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APEC advocates agricultural innovation and modernization during Public-Private Dialogue on Services

The panelists are currently giving their insights on Agricultural related services.
Panelists of the APEC 2015 Public-Private Dialogue on Services (PPDS): From (L-R) Dr. Ian Ferguson, Departmental Science Advisor, New Zealand Ministry of Primary Industries; Mr. Christopher Findlay, Executive Dean, The University of Adelaide, Australia ; Ms. Hildegunn Nordås, Senior Economist, Trade and Development Directorate, Organisation for Economic Co-operation and Development; Mr. Pierre-Olivier de Planck, Chief Executive Officer, Rustan Supercenters, Inc.; Mr. Eddie Chew, Head of Corporate Affairs, ASEAN of Syngenta Asia Pacific Pte Ltd.

19 May 2015 — Representatives from both the public and private sectors of APEC economies participated in an inclusive discourse on services during the Public-Private Dialogue on Services held at the sidelines of the APEC Senior Officials Meeting and Related Meetings on 17 May 2015 in Boracay, Aklan, Philippines.

Invited speakers discussed the key role of services in enabling trade in agriculture, as one of the three sectors of focus for the PPD. In particular, how services can contribute to ensuring modern and efficient agricultural production processes, as well as the smooth movement of agriculture from producers to consumers, i.e. taking agricultural products from the farm to the fork (market) in the most efficient way.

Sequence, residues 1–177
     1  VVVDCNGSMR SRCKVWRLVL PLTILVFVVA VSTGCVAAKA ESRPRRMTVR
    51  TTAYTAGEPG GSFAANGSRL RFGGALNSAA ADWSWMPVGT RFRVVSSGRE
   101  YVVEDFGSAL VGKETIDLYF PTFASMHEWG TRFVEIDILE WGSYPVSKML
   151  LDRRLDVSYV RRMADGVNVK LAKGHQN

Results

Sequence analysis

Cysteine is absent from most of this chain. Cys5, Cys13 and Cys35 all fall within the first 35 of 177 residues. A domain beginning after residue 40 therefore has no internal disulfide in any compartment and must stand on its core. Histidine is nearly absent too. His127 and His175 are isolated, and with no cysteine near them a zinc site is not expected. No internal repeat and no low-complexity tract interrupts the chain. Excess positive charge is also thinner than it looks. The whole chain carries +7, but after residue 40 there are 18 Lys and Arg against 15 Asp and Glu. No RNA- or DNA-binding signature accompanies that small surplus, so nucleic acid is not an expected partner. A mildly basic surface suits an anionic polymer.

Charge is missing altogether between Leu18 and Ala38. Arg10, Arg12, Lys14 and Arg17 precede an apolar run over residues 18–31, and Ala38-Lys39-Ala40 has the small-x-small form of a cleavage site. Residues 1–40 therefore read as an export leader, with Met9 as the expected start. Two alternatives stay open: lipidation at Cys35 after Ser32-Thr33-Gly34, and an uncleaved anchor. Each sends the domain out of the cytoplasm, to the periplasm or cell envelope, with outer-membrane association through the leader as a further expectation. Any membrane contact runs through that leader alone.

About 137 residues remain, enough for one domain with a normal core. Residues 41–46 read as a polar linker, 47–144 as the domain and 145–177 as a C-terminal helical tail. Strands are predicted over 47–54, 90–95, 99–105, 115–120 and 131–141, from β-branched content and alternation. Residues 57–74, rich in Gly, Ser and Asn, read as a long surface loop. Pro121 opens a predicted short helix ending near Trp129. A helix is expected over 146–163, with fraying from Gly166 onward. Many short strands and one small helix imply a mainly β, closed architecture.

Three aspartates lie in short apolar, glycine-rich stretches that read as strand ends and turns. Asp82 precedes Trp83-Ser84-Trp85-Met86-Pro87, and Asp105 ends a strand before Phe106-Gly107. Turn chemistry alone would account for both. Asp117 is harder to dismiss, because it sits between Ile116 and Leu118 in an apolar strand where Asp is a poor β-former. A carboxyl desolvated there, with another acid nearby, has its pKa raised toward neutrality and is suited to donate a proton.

According to Dr. Ian Ferguson, Departmental Science Advisor from the New Zealand Ministry for Primary Industries, services enable value creation and upgrading as it fosters innovation and regulation, even in agriculture. Adding value in the supply chain is made possible through increased raw product value; production efficiency and sustainability; and minimized food loss/waste. Dr Ferguson, however, cautioned how innovation is commonly in conflict with regulation, as the latter fails to keep up with the introduction of modern agricultural techniques.

Agricultural services are inherently science-based, hence, receives very little attention. It is, thus, emphasized that science and technology be transported from developed to developing countries.

The session also highlighted the vital role of a modern and efficient supply chain for businesses that seek access to regional and global markets. Indeed, enhanced trade in services is critical to building the capability and coherence required to achieve regional economic integration and enable all economies and business to participate


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